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Impolitic: the indy outsider can still romp past the BT favourite on the home straight

SCENE: A writer at his desk. MUSIC: A plaintive, moody saxophone. VOICE: American hardboiled, private eye

Procrastination had set in. He was at the desk pretending to work. He stopped for a break, looked out at the daffodils still refusing to come out just yet. Still too cold. Nature knows best. He stretches, sees three dogs play, one defecates. The owner rather unusually picks up.

The writer decides to change tense. He finishes speaking as if he's in a hardboiled Dashiel Hammett and down-at-heel detective book.

Thursday is always a busy writing day. At 3.10 I stop for a coffee and have two of those very small Cadbury mini crème eggs. I like to live on the edge.

At 3.20, the World Hurdle; the big race at the Cheltenham Festival, was about to start. I turned on the radio; the chat was focused on the massive favourite Annie Power. The pundits were glowing in their praise, she was unbeaten. She had been backed all year, people betting everything on her. You'd have been as well just giving the horse the winner's trophy and cheque.

But come on Andy; where's the political bit, you say? The info emanating from the paddock suggests the hot favourite was nervous and edgy, unsure even. I know nothing about 'the track'- I prefer to throw my hard earned to the mercy of football.

I do however know about human nature. When everyone is backing one thing, I always think no, what if she fails? Be a contrarian. I'm not sure if this technique is for everyone but I went for Annie Power's rival, More of That. And he won.

Here it comes, the political bit: there is a point. I was wondering if there could be a giant turnaround in the Independent Stakes, to be run on September 18?

The biggest race in Scotland's history and the outsider romping home to beat the heavily backed favourite? Here's the really important issue: you can never tell, right up to seconds before the big event, how the favourite will react under real pressure.

You don't know till the runners and riders (the electorate) show up to vote. Are they confident? Do they look nervous? Are they sweating, unsure in the paddock (voting booths)? Are they losing their bottle? For nervousness, read negative news leaks about companies and banks leaving and doubts over the currency union.

I wonder how the chap who placed the huge bet on Better Together is holding up? I've looked at the prices: 7/2 for Yes to independence, against 2/9 for No.

But remember More of That.

When I heard there would be a White Paper, a blueprint for an independent Scotland being written, I pitched an idea for inclusion. I suggested that Michael McIntyre and Amanda Hart have their photos on the last two pages.

I thought if nothing floats your boat in the big white book, maybe just being part of a nation that houses these two comedy greats might do the trick.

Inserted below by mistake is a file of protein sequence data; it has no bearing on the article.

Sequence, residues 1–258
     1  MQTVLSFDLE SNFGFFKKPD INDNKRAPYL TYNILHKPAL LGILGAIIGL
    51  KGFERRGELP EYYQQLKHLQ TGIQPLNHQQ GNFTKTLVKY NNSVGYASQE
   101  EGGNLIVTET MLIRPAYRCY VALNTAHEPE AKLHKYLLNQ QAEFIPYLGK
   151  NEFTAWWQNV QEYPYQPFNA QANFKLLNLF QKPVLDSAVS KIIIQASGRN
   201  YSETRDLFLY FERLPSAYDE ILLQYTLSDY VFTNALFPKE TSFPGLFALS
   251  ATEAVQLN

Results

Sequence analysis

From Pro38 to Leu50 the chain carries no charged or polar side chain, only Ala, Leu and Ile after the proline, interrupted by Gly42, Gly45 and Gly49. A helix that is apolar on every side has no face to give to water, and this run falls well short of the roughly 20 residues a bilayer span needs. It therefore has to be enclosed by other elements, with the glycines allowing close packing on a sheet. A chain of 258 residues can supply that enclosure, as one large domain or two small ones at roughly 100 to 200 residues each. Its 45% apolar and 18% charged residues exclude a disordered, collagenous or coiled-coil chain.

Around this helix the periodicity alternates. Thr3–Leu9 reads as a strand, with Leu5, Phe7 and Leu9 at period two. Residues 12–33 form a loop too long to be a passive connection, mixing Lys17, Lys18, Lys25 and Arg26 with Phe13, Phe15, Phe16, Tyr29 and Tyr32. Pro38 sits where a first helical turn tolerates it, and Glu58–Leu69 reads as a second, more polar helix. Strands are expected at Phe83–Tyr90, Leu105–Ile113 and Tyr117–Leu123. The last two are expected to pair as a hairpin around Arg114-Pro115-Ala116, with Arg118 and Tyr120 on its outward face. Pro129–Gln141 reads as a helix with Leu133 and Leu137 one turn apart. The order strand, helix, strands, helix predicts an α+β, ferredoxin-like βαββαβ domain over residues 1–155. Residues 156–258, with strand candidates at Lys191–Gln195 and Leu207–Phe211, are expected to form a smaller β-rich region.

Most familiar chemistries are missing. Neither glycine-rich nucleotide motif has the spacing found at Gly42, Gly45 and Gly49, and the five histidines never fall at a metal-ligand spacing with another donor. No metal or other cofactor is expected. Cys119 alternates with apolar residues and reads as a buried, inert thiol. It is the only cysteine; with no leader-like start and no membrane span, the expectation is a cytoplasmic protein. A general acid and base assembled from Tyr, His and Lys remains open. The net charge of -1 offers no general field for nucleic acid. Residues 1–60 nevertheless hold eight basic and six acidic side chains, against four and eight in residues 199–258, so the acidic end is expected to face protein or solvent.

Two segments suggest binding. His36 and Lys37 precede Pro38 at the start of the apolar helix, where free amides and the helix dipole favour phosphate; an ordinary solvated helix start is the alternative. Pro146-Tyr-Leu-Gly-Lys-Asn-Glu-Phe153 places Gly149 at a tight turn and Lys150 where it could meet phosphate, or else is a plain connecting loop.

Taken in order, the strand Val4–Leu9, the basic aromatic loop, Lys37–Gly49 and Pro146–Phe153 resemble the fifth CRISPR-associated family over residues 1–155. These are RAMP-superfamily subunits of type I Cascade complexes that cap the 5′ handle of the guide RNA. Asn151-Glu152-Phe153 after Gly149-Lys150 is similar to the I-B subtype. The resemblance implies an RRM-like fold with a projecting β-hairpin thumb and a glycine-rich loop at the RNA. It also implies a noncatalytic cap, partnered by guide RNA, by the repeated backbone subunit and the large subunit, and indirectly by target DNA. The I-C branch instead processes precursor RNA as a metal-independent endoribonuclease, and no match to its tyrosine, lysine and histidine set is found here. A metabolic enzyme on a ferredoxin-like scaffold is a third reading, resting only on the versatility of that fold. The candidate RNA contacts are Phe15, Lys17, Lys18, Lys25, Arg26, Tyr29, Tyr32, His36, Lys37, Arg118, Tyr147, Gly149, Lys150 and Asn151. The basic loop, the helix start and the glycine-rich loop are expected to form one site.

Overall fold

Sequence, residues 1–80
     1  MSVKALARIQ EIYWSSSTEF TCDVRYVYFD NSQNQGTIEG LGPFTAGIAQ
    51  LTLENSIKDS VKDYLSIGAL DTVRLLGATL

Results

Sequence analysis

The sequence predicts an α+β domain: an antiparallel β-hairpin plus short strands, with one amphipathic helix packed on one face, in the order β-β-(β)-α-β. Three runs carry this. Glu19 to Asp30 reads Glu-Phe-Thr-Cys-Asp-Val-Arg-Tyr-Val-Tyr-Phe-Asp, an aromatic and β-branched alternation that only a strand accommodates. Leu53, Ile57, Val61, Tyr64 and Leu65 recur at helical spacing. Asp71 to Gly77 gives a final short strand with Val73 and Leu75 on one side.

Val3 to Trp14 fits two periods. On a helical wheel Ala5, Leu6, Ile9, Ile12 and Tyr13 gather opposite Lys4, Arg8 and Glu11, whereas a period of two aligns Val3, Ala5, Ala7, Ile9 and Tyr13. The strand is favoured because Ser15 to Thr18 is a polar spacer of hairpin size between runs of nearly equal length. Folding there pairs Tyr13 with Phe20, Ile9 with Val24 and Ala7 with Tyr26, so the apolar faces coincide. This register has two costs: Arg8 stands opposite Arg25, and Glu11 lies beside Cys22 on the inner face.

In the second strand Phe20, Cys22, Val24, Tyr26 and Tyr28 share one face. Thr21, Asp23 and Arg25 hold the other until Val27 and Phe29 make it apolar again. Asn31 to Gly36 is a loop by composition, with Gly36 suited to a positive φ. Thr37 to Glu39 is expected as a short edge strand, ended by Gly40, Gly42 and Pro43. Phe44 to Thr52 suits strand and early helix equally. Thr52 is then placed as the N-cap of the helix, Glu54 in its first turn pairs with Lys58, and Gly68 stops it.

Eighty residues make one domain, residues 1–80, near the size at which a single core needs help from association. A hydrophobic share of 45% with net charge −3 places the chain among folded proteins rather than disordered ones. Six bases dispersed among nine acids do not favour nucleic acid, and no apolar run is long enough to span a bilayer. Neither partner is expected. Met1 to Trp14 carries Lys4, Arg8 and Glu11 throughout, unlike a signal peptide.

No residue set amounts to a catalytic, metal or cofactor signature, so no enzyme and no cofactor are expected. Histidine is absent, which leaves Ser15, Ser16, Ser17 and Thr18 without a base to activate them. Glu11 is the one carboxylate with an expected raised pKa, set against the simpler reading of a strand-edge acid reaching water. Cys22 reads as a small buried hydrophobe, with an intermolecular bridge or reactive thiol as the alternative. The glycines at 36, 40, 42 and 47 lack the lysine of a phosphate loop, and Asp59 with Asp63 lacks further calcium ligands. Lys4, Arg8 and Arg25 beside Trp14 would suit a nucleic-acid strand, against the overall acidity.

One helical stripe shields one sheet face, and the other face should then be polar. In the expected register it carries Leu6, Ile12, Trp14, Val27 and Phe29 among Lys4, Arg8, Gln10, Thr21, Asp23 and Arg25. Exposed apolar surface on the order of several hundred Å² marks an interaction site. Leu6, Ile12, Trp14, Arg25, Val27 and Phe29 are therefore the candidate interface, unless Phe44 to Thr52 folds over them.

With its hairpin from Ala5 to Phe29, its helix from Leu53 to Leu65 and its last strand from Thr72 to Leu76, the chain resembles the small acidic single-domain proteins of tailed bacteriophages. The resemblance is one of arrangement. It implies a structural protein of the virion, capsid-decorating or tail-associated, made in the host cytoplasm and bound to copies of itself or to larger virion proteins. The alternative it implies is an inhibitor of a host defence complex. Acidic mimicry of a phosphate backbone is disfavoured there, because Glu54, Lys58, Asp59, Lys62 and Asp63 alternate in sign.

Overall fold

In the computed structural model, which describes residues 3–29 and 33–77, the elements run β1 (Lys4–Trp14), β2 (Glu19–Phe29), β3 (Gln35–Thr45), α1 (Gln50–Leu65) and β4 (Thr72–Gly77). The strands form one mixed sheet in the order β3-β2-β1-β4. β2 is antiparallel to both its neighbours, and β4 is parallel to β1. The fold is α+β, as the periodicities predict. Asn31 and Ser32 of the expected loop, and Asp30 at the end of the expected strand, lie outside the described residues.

If anyone was still unsure, this could be the vote clincher. Imagine a world without Michael McIntyre's raving like a lunatic, always raving, about himself, a man-child in a five-year old's head; irritating laugh…fix hair…joke about looking Chinese. That's it.

I'm sure there are many more important economical, social, political and historical reasons to consider before you get to this point but just in case you're still not sold. Think of Michael McIntyre…if all that fails, the last page has a picture of Miranda Hart.

A survey this week claimed Independence wouldn't harm tourism in Scotland…in fact, it could improve figures.

Let's not run before we can walk here. There are a number of small issues. Overpricing for example; stuffed Wee Westie Dugs at Waverley Station, 58p from Taiwan retailing at SYCY (See You Coming Yankee) prices at £19.99. There's also a serious problem with customer service. Take places on tourist routes in the Trossachs, perfect for lunches and coffees.

"Oh the kitchen doesn't open till five." We're in the middle of nowhere; you're a hotel and restaurant? Being independent won't change the mindset. We need a sea change, since most of Scotland's 'touristy' hotels are like Fawlty Towers on crack.

On the subject of tourism, it may be the perfect time to pitch my Edinburgh-based Scottish/French theme park idea.

Think of all those French fans there last week for the rugby? The Auld Alliance? It's called Asterix the Gyle. Think Disneyland with more violence and Getafix a bit more Begbie-esque.

Anthony Wedgwood Benn, RIP. The man was a political colossus, a towering figure with a life worthy of a movie. I'm sure there will be many heartfelt tributes paid. I will leave you on this. When asked about the hereditary system he said: 'I'm not very keen on the hereditary system. If I went to the dentist and he started to drill and he said oh by the way Tony, I'm not a dentist but my father was a very good one. I wouldn't be all together happy.'

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